Constructed Panoramas: Vancouver 2012

False Creek Candy Glow 1 (2012-12-18)

 

False Creek Candy Glow 2 (2012-12-18)

 

False Creek Candy Glow 3 (2012-12-18)

 

 

Burrard Bridge Walker (2012-12-21)

 

The winter of 2012/13 – my first trip to Vancouver – I could feel the vibrations of old growth forest resonating through the pavement as I walked the streets. The vibrations were so intense that after I returned to the apartment where I was staying, I would digitally map out the routes of where I had walked. I kept these maps in the same folders on my laptop as the corresponding photographs I captured for each day. I often took series of photographs to manually construct panoramas, and each evening after a walk I would spend hours digitally aligning the images. I experimented with the automatic panorama mode of my iPhone, but it did not convey nearly as accurately or interestingly what I was seeing and feeling. For my constructed panoramas, I intentionally halved the opacity of the overlaps to reveal subtle disruptions/displacements of buildings and clouds.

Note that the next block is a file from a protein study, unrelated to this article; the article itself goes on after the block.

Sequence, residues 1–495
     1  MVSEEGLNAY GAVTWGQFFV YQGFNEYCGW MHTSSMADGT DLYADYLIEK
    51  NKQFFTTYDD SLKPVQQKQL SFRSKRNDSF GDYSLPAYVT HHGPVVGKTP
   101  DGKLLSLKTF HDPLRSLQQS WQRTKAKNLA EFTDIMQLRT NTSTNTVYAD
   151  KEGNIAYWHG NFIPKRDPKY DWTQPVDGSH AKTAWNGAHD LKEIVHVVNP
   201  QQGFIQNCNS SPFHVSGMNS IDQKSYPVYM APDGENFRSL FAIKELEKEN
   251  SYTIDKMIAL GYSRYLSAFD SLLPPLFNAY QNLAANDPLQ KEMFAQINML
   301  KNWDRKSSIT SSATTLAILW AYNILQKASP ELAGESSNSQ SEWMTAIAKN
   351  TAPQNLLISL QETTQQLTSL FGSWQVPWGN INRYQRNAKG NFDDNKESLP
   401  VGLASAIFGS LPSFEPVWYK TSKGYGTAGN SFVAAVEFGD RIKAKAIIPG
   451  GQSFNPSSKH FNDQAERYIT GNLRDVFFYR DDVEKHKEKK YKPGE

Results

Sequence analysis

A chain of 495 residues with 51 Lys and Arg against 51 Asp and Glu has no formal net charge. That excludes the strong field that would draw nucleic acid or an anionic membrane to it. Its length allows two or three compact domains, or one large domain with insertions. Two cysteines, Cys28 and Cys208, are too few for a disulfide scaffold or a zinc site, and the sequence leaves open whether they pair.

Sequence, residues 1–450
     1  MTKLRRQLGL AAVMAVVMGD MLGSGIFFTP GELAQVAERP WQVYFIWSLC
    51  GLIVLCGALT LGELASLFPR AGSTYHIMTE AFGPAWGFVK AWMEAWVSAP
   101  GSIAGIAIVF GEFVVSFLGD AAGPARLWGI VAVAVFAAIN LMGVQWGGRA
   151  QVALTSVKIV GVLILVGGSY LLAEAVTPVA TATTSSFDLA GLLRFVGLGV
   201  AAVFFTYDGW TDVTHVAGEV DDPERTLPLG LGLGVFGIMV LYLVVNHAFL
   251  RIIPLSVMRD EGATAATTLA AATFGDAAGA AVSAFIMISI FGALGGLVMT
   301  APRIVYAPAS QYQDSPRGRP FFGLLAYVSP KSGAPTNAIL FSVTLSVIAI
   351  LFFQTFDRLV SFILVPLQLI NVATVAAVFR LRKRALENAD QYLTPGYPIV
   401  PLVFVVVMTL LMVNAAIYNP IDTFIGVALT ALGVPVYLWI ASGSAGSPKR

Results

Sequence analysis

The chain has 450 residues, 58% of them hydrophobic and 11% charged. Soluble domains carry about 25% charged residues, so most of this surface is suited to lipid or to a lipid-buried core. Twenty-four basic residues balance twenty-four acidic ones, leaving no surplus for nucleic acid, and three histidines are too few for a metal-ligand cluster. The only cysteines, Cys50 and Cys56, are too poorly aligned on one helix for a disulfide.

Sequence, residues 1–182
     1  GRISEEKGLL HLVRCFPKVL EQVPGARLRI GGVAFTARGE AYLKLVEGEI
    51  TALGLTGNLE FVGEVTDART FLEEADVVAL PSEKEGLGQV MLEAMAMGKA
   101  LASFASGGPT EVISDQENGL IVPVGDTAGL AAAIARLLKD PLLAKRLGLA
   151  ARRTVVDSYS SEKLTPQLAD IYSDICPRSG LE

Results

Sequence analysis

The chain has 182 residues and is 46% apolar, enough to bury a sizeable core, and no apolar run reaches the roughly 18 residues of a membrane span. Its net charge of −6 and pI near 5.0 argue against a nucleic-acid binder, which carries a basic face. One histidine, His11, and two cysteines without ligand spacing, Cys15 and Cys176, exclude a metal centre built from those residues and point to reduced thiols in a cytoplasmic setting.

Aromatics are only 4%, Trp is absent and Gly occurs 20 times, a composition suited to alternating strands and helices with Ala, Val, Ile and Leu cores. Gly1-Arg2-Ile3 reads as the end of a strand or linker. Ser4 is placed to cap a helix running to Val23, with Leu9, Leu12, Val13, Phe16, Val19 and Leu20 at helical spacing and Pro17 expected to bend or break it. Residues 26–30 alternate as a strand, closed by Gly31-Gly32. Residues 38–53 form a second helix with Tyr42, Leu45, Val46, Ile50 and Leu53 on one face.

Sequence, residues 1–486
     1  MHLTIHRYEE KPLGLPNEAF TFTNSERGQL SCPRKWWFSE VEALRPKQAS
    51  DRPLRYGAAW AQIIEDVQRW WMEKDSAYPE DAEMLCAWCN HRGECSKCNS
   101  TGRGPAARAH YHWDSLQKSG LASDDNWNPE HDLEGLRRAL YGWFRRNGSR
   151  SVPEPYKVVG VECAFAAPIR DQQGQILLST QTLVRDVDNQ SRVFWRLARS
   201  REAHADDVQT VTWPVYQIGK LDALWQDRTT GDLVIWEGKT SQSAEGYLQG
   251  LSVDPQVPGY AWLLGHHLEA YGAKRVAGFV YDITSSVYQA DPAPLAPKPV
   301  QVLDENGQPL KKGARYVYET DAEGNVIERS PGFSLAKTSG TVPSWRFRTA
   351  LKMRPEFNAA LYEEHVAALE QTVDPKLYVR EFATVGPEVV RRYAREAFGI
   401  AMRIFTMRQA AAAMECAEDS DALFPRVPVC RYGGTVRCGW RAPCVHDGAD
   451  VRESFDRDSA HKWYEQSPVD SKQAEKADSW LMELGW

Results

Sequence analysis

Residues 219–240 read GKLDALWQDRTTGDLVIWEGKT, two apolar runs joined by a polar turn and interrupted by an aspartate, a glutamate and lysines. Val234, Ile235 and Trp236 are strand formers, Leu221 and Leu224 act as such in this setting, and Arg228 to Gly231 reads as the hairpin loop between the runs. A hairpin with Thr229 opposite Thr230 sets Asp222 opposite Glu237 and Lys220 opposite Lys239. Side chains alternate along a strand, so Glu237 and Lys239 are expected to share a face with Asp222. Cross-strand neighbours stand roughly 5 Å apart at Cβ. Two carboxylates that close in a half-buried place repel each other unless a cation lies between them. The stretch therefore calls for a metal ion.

From my very first walk in the city, I felt the trees – the ancient ones. Even though I could not see them in my physical reality, I saw them and knew them in my mind’s eye; massive and sprawling, dark and transparent against the mirror and steel and concrete of the modern city. Their vibrations were powerfully rooted bass notes, strong and low, while in contrast mine was tinny, ungrounded and frenetic. I could feel their gentle suggestion to me to “slow down.” I very much wanted to be in sync with them, but knew at the time I still had much to do and learn in order to align with their emanations.

Constructed Panoramas: Vancouver 2012

  • 2012 • winter
  • digital construction
  • Description

    52" x 27" (False Creek Candy Glow, each)  -and-  59" x 18.5" (Burrard Bridge Walker)